$\log$ approximation for $\pi(x)$

It seems that a reasonable $\log$ approximation for $\pi(x)$ can be given, where

$f(y, x) := \log\left(\dfrac{\log(x)}{\log\left(e(y - \lfloor y\rfloor) + x^{1/x}(1 - y + \lfloor y\rfloor)\right)}\right)$

is an interpolating function between $\log(x)\text{ and }\log(\log(x)).$

Comparing $\pi(x)/\dfrac{x}{\log(x)},\pi(x)/\dfrac{x}{f(1+\frac{\log(x)}{x},x)},\pi(x)/\text{li}(x)$: f[y_, x_] := Log[Log[x]/Log[(1 - (y - Floor[y])) x^(1/x) + (y - Floor[y]) E]]
t = 8; r = 10^t; LogLogPlot[{PrimePi[n]/(n/f[1 + Log[n]/n, n]),


Am I correct in assuming that this is an improvement on the $\pi(x)\sim\dfrac{x}{\log(x)}$ approximation?

Re-posted owing to errors in original question

With $y=1+\frac{\log x}{x}$ and consequently $\lfloor y\rfloor=1$ for $x\ge1,$

$$f(y, x) = \log\left(\frac{\log x}{\log\left(\ \frac{e\log x}{x} + x^{1/x}(1 - \frac{\log x}{x})\ \right)}\right)$$

which can more easily be written

$$f(y, x) = \log\log x-\log\log\left(\ \frac{e\log x}{x} + x^{1/x}(1 - \frac{\log x}{x})\ \right)$$

Note that $x^{1/x}$ is approximately $1+\frac{\log x}{x}$ and so the latter argument is about

$$\frac{e\log x}{x} + (1+\frac{\log x}{x})(1 - \frac{\log x}{x})=\frac{e\log x}{x}+1-\frac{\log^2x}{x^2}=1+\frac{e\log x}{x}+o\left(\frac1x\right)$$

That is, the $x^{1/x}(1 - \frac{\log x}{x})$ term is asymptotically negligible. Approximating $$\log\log\left(\frac{e\log x}{x} + x^{1/x}(1 - \frac{\log x}{x})\right)\approx \log\log\left(\frac{e\log x}{x} + 1\right)\approx \log\left(\frac{e\log x}{x}\right)\approx1+\log\log x-\log x$$

and so $f(y,x)\approx\log x-1.$

In fact $\frac{x}{\log x-1}$ is a better approximation of $\pi(x)$ than $\frac{x}{\log x}$. (Sometimes the 1 in the former expression goes by the name "Legendre's constant"; Legendre had guessed its value to be around 1.08.)

A better approximation:

$$\frac{e\log x}{x} + x^{1/x}(1 - \frac{\log x}{x})\approx1+\frac{e\log x}{x}-\frac{\log^2x}{2x^2}-\frac{\log^3x}{3x^3}$$

$$\frac{e\log x}{x}-(1+e^2)\frac{\log^2x}{2x^2}$$

and so

$$f(y,x)\approx\log\log x-\log\left(\frac{e\log x}{x}-(1+e^2)\frac{\log^2x}{2x^2}\right)\\ =\log\log x-\log\left(\frac{e\log x}{x}\right)-\log\left(1-(1+e^2)\frac{x}{e\log x}\cdot\frac{\log^2x}{2x^2}\right)\\ =\log x-1-\log\left(1-(1+e^2)\frac{\log x}{2ex}\right)\\ \approx\log x-1-\frac{1+e^2}{2e}\cdot\frac{\log x}{x}$$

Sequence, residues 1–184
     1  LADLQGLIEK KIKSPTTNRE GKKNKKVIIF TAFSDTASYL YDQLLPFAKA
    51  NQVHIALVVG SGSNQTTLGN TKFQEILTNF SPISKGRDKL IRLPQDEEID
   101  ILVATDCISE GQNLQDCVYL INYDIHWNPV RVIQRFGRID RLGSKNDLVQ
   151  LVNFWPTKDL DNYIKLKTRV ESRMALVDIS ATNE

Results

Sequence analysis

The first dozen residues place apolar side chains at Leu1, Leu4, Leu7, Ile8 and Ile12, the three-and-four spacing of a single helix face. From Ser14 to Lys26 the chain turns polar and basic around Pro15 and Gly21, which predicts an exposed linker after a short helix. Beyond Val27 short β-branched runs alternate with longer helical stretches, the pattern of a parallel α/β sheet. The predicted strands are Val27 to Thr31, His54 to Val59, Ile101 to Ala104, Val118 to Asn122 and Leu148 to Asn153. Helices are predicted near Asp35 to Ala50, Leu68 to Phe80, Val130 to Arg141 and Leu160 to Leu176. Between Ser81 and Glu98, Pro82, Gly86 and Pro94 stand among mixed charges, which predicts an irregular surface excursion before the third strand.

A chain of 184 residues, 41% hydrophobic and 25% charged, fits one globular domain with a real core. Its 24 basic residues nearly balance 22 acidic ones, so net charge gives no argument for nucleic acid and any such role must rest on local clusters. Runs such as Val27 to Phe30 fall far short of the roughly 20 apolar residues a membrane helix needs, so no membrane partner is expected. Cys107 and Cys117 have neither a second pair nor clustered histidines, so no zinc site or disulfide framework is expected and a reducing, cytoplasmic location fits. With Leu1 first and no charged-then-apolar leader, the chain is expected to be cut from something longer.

But the right approximation at this order is $\log x-1-1/\log x$ and so $f(y,x)$ is too large by about $1/\log x$.

In summary ("TL;DR"): This is a better approximation than $x/\log x$ but not as good as $\frac{1}{\log x-1-1/\log x}$ which is, in turn, not as good as $\operatorname{li}(x).$

• Thank you for the detailed explanation :) – martin Jun 18 '14 at 19:18

When $y=1+(\log x)/x$, your function $f(y,x)$ equals $$\log\bigg( \frac{\log x}{\log\big(x^{1/x}(1-(\log x)/x)+e(\log x)/x\big)} \bigg).$$ Since $x^{1/x} = 1+(\log x)/x+O((\log x)^2/x^2)$, this is \begin{multline*} \log\bigg( \frac{\log x}{\log\big( 1 + e(\log x)/x + O((\log x)^2/x^2)\big)} \bigg) \\ = \log\bigg( \frac{\log x}{e(\log x)/x + O((\log x)^2/x^2)} \bigg) \\ = \log\bigg( \frac{\log x}{e(\log x)/x} \bigg( 1 + O\bigg( \frac{\log x}x \bigg) \bigg) \bigg) \\ = \log x - 1 + O\bigg( \frac{\log x}x \bigg). \end{multline*} So essentially, your function is just $\log x-1$. And it is well known that $x/(\log x-1)$ is a better approximation to $\pi(x)$ than $x/\log x$, since the former expression matches the first two terms of the asymptotic series $$\mathop{\rm li}(x) = \frac x{\log x} + \frac x{\log^2x} + \frac{2x}{\log^3x} + \cdots.$$

• Yes, this makes sense! – martin Jun 18 '14 at 19:16
• I wrote essentially the same answer (independently) and then carried the approximation one term further, where it disagrees with the series for li. – Charles Jun 18 '14 at 19:18
• (+1, by the way -- good succinct explanation.) – Charles Jun 18 '14 at 19:46